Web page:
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As shown in Figure 1, a total of 84 open reading frames were identified in the seven genomic islands surveyed. The puta-tive replication module and the putaputa-tive transfer module (including T4SS) comprised the majority of the 43 genes con-served across all genomic islands. These 43 genes were defined to constitute the essential core set of genes of an ICEHin1056-based subfamily of genomic islands. The remaining 41 genes, including the transposon-based genes, are likely to be accessory genes. A majority of the accessory genes, whether they were part of transposons (transposon [Tn]3 in ICEHin1056 or Tn10 in ICEHpaT3T1) or not, were located 3' of traC and 5' to the putative traI. Many of these accessory genes have unknown functions. This localized site of accessory gene presence suggests that this is a region that is particularly permissive for their insertion. Curiously, this region in the larger family of related proteobacterial genomic islands is also a nidus for accessory gene insertion [1], sug-gesting that this area is a 'hot spot' for recombination for the entire family. No explanation for this phenomenon is appar-ent, although this region is just 5' to the putative oriT of ICEHin1056.

The observed distribution between core genes and accessory genes in this subfamily of genomic islands indicates that 50% are accessory. This is remarkably similar to the distribution found in the complete H. influenzae genomes analyzed by Hogg and coworkers [10]. Furthermore, excluding the anti-biotic resistance transposons, the GC content of the other accessory genes is similar to that of the H. influenzae genome and to that of these genomic islands' core genes. These fea-tures suggest that this subfamily of genomic islands conforms to the distributed genome hypothesis in the same way that the host genome does. This hypothesis proposes that the full complement of genes available to a pathogenic bacterial spe-cies exists in a supragenome pool, which is not contained by any particular strain. Although individual strains carry only a subset of genes, a diverse range of genes can be available to naturally transformable bacterial strains [10]. Evidence for the distributed genome hypothesis has thus far been demon-strated for several bacterial pathogens, including H. influenzae, Streptococcus pneumoniae, and P. aeruginosa [10-12].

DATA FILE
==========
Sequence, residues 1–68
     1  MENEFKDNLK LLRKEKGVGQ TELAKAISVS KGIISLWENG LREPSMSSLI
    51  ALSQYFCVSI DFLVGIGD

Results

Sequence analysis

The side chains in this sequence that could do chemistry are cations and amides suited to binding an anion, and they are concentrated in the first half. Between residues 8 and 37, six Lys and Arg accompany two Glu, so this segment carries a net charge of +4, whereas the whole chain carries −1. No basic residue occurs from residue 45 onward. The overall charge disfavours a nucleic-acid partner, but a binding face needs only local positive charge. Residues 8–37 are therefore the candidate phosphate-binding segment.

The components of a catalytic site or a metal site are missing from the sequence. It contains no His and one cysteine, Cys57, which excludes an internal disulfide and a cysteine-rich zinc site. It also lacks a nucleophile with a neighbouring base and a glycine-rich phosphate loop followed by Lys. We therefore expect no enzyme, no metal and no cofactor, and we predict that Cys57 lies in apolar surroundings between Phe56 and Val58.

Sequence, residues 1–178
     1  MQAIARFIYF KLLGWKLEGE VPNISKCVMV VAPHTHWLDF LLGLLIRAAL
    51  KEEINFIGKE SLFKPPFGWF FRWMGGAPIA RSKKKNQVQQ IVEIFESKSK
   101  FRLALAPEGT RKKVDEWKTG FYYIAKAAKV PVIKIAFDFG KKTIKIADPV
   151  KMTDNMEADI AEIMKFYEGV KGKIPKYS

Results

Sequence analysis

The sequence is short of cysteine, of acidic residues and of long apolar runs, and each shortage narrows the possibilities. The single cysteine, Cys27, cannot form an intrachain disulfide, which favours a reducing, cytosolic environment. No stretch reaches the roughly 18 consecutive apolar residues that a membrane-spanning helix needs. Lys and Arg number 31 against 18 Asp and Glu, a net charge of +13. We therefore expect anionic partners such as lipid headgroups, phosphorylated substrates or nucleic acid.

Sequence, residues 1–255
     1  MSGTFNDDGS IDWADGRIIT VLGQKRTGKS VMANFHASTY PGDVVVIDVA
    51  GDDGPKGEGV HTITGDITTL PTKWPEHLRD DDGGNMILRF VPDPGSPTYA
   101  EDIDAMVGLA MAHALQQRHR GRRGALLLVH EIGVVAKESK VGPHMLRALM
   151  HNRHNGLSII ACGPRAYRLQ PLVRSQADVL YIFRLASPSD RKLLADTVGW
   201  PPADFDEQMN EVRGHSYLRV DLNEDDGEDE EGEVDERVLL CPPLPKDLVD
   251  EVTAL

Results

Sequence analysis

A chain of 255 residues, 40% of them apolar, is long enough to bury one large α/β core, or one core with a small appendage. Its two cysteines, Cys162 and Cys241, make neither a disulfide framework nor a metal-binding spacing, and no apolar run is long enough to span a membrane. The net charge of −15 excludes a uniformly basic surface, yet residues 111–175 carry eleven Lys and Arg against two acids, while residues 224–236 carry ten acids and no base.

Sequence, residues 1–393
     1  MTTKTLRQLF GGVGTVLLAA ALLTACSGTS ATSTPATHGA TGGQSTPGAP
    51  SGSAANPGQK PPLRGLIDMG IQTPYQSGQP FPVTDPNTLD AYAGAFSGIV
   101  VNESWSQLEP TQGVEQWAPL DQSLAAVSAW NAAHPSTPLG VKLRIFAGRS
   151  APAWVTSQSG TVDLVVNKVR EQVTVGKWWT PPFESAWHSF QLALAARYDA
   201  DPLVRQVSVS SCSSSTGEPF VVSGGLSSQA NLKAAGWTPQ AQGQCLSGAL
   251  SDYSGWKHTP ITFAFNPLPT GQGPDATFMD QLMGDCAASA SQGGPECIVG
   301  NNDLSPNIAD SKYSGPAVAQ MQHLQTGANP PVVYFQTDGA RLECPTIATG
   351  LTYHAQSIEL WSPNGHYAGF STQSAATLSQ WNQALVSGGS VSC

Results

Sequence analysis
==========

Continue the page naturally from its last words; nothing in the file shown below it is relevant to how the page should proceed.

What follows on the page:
Diversity and co-evolution of the ICEHin1056 sub-family of genomic islands with the host

The divergence in gene content between the seven genomic islands described here is clearly illustrated in Figure 1. No two islands were identical and they differed by many genes. Even the core genes of conserved modules exhibited many variable sites, with the nucleotide sequences between several core genes differing by up to 10% or more (Figure 1). A similar level of variation is seen in the housekeeping genes of the bacterial host H. influenzae [13]. These accumulations of mutations must have taken substantial time. Both the divergence in gene content between the genomic islands and the variation in nucleotide sequence of their core genes are contrary to these

genomic islands having recently been acquired and dissemi-nated by clonal expansion. Furthermore, the similarity of GC content of the genomic island core genes (38%) to the GC con-tent of the host genomes (Table 2) suggests that this ratio for the island has ameliorated to that of the host bacteria, which is time dependent. All these features are consistent with this subfamily of genomic islands having a longstanding associa-tion with its Haemophilus host species.